Jan

Feb

Mar

Apr

May

Jun

Figure 5.3 Standardized values make it possible to compare different groups on the same

chart using the same scale; this shows overall stops and price increase related stops.

132 Chapter 5

A QUESTION OF TERMINOLOGY

One very important idea in statistics is the idea of a distribution. For a discrete

variable, a distribution is a lot like a histogram”it tells how often a given value

occurs as a probability between 0 and 1. For instance, a uniform distribution

says that all values are equally represented. An example of a uniform

distribution would occur in a business where customers pay by credit card

and the same number of customers pays with American Express, Visa, and

MasterCard.

The normal distribution, which plays a very special role in statistics, is an

example of a distribution for a continuous variable. The following figure shows

the normal (sometimes called Gaussian or bell-shaped) distribution with a

mean of 0 and a standard deviation of 1. The way to read this curve is to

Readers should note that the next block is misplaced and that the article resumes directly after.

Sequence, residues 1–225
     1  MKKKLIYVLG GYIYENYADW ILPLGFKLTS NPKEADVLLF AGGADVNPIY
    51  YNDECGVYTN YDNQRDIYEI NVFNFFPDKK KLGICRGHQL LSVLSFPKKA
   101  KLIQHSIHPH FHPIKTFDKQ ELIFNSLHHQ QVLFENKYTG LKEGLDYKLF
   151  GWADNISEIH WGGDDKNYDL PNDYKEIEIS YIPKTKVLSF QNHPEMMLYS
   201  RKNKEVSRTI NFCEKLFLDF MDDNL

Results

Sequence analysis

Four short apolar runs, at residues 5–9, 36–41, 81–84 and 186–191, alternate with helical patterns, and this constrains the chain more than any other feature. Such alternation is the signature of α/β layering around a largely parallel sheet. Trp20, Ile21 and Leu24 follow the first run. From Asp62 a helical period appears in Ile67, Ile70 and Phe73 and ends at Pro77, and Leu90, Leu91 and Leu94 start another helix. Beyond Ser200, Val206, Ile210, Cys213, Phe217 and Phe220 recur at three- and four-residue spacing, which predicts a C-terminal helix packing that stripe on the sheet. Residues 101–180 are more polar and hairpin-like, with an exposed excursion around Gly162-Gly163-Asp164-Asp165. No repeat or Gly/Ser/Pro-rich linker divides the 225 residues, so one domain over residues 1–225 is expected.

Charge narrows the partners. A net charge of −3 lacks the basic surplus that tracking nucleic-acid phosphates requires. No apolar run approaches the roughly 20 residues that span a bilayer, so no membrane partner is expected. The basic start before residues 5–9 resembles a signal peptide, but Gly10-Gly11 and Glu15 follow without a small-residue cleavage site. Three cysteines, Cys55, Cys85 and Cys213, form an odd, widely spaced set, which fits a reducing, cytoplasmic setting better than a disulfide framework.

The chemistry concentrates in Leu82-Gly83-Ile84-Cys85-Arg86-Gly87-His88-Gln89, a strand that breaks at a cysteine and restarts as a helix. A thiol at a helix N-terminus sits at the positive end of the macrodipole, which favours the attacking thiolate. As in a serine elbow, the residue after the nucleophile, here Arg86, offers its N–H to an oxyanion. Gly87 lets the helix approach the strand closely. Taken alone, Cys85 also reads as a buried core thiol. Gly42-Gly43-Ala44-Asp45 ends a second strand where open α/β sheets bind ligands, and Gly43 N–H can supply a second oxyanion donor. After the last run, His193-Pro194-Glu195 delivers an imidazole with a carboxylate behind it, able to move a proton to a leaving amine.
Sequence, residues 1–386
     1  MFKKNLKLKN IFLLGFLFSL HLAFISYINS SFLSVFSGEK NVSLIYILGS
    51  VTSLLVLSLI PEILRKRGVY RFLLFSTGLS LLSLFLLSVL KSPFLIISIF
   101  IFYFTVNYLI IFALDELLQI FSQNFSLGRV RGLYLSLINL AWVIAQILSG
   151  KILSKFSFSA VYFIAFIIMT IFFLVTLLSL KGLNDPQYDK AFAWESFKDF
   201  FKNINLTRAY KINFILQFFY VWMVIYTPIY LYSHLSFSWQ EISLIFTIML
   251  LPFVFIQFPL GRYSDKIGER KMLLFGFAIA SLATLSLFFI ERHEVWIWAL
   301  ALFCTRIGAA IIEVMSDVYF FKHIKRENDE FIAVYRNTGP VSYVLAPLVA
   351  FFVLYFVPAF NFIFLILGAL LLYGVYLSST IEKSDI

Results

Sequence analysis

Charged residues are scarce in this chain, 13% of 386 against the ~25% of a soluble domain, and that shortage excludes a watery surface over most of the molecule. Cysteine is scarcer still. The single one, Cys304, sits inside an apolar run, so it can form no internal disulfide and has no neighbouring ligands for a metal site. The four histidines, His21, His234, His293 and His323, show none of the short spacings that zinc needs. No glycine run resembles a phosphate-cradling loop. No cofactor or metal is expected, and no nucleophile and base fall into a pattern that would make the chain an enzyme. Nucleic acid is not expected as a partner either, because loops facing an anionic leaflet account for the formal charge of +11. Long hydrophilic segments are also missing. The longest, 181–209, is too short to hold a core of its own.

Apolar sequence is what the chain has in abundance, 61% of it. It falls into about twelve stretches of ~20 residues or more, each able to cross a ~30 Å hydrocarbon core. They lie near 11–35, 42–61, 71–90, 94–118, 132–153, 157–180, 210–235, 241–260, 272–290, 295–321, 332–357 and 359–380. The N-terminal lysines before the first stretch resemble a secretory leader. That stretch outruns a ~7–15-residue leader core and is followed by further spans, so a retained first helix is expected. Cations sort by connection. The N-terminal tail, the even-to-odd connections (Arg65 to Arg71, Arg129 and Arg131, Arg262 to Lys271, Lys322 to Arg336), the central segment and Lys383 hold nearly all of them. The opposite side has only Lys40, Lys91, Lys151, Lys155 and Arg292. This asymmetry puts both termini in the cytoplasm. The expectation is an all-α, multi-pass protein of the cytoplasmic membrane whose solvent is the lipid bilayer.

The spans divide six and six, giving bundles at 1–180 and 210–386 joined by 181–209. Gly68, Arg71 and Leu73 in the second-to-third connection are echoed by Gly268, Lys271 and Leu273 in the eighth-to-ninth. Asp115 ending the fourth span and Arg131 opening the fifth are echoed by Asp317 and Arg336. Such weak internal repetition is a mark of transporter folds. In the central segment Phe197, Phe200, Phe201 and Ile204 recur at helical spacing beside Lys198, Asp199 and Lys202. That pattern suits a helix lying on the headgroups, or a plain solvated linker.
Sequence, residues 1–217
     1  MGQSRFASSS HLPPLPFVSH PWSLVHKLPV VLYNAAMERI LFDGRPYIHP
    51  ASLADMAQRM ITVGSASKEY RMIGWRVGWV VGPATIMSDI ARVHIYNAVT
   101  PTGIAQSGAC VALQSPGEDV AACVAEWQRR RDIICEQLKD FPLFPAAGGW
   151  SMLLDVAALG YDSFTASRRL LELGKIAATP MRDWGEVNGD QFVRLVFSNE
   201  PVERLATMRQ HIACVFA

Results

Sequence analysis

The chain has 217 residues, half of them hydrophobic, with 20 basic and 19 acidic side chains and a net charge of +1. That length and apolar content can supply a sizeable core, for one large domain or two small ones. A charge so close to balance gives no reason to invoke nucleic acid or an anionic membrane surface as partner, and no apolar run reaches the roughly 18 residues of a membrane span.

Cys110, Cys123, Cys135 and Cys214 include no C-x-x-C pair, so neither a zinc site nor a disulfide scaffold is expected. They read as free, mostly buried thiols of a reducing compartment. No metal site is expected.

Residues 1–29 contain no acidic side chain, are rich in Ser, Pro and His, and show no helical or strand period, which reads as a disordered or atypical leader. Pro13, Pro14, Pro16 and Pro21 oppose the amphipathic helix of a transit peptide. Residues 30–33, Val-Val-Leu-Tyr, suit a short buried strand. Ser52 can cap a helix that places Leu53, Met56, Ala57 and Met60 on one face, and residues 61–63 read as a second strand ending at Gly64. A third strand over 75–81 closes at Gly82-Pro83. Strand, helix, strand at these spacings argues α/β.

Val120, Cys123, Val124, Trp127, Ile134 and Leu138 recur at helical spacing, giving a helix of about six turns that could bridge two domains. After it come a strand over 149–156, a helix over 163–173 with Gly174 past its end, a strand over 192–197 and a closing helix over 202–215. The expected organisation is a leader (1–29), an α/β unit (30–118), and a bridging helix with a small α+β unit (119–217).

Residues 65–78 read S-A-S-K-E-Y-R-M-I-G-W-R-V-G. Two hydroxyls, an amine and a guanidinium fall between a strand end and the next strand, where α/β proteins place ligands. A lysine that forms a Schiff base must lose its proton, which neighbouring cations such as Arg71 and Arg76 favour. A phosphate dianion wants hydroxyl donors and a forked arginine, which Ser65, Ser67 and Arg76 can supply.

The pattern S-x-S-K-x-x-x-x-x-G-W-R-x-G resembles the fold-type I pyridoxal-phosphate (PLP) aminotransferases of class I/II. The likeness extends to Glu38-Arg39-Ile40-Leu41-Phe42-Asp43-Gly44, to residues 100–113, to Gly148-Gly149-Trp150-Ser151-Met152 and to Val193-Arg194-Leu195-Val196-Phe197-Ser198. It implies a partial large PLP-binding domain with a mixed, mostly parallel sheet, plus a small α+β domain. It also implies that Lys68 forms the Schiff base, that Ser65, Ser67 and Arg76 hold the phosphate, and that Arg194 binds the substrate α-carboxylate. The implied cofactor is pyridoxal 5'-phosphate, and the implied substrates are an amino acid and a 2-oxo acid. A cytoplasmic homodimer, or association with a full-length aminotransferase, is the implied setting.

look at areas between two points. For a value that follows the normal

Y

distribution, the probability that the value falls between two values”for

FL

example, between 0 and 1”is the area under the curve. For the values of 0

and 1, the probability is 34.1 percent; this means that 34.1 percent of the time

a variable that follows a normal distribution will take on a value within one

AM

standard deviation above the mean. Because the curve is symmetric, there is

an additional 34.1% probability of being one standard deviation below the

mean, and hence 68.2% probability of being within one standard deviation

above the mean.

TE

40%

35%

30%

Probability Density

25%

20%

15%

10%

5%

0%

-5 -4 -3 -2 -1 0 1 2 3 4 5

Z-Value

The probability density function for the normal distribution looks like the familiar

bell-shaped curve.

Team-Fly®

The Lure of Statistics: Data Mining Using Familiar Tools 133